Pretense, existence, and fictional objects

Philosophy and Phenomenological Research 74 (1):56–80 (2007)
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There has recently been considerable interest in accounts of fiction which treat fictional characters as abstract objects. In this paper I argue against this view. More precisely I argue that such accounts are unable to accommodate our intuitions that fictional negative existentials such as “Raskolnikov doesn’t exist” are true. I offer a general argument to this effect and then consider, but reject, some of the accounts of fictional negative existentials offered by abstract object theorists. I then note that some of the sort of data invoked by the abstract object theorist in fact cuts against her position. I concludle that we should not regard fictional characters as abstract objects but rather should adopt a make-believe theoretic account of fictional characters along the lines of those developed by Ken Walton and others.



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Anthony Everett
University of Bristol

Citations of this work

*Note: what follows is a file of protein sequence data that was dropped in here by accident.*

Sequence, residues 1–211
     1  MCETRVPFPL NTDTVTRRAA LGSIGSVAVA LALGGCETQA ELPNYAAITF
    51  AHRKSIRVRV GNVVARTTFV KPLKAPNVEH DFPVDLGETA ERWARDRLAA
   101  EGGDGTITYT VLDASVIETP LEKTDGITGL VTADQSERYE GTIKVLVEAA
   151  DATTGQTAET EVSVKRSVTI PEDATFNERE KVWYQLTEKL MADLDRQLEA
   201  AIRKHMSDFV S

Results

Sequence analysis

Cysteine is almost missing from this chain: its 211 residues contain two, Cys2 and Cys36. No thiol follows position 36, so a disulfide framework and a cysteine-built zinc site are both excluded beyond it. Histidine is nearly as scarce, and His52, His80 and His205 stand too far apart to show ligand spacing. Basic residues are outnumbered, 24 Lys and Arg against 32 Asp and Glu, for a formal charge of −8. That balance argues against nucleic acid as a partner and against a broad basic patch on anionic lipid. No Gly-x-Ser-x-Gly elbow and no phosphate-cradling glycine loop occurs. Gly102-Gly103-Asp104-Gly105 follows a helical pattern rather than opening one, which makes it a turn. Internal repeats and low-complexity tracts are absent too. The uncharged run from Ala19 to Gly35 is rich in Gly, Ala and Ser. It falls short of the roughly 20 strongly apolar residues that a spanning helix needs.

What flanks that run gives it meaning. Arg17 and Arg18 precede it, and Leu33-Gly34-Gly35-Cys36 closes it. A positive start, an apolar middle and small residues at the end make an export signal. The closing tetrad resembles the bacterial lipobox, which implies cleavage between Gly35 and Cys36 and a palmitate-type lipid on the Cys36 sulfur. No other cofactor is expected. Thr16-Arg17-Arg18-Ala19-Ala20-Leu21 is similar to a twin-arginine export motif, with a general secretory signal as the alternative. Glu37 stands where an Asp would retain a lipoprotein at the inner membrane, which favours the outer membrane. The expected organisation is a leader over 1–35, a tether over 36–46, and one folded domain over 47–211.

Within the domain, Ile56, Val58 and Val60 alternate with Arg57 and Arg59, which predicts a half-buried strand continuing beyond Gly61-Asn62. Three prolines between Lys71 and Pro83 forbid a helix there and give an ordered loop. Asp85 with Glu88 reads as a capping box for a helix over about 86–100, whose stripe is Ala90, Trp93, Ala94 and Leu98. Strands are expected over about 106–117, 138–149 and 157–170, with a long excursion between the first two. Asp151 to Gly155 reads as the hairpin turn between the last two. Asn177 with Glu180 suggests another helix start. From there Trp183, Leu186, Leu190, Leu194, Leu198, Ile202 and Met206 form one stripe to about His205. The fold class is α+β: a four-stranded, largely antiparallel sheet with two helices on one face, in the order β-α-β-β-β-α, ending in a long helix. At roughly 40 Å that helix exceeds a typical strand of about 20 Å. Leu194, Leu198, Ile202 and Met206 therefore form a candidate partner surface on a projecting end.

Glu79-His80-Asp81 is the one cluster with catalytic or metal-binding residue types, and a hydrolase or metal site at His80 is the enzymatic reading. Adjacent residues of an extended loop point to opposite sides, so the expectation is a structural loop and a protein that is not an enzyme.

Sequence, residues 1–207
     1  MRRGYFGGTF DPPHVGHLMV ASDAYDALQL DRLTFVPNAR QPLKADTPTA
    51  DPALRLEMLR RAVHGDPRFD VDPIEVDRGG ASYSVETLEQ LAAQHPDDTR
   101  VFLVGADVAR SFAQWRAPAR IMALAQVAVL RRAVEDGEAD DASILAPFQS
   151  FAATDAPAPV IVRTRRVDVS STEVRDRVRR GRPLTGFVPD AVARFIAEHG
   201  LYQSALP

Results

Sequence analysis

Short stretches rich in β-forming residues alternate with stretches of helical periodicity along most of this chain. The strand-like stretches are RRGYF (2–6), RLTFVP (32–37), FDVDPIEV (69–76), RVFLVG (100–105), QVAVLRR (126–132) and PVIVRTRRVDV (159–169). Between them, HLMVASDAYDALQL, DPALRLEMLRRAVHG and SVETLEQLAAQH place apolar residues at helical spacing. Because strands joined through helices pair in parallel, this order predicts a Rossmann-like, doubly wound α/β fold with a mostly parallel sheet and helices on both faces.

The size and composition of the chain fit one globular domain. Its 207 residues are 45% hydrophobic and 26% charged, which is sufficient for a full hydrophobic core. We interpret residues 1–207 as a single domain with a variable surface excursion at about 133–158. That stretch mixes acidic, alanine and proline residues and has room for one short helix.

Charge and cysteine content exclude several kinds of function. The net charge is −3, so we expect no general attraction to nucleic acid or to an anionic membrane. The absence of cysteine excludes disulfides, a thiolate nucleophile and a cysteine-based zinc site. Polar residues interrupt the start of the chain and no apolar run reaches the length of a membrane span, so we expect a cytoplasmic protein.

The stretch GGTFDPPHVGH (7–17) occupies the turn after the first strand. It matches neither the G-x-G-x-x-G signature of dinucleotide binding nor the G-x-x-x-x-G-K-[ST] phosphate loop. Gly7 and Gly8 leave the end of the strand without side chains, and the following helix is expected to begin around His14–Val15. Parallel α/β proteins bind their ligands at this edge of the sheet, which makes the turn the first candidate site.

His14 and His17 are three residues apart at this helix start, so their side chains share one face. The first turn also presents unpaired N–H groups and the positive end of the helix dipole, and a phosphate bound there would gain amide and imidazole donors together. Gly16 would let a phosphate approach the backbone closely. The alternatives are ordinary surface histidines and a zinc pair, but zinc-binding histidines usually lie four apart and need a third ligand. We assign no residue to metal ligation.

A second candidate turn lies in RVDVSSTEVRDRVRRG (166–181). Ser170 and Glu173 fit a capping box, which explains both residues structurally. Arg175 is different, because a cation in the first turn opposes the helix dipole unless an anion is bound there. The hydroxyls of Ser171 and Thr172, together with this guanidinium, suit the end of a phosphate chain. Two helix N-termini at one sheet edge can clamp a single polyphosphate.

Co‐Identification and Fictional Names.Manuel García-Carpintero - 2020 - Philosophy and Phenomenological Research 101 (1):3-34.
Nonexistent objects.Maria Reicher - 2019 - Stanford Encyclopedia of Philosophy.
Foundational Grounding and the Argument from Contingency.Kenneth L. Pearce - 2017 - Oxford Studies in Philosophy of Religion 8.
Fictional names and individual concepts.Andreas Stokke - 2020 - Synthese 198 (8):7829-7859.
Fictional Realism and Negative Existentials.Tatjana von Solodkoff - 2014 - In Manuel García-Carpintero & Genoveva Martí (eds.), Empty Representations: Reference and Non-Existence. Oxford University Press. pp. 333-352.

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References found in this work

Fiction and Metaphysics.Amie L. Thomasson - 1998 - New York: Cambridge University Press.
Nonexistent Objects.Terence Parsons - 1980 - Yale University Press.
On Quantifier Domain Restriction.Jason Stanley & Zoltán Gendler Szabó - 2000 - Mind and Language 15 (2-3):219--61.

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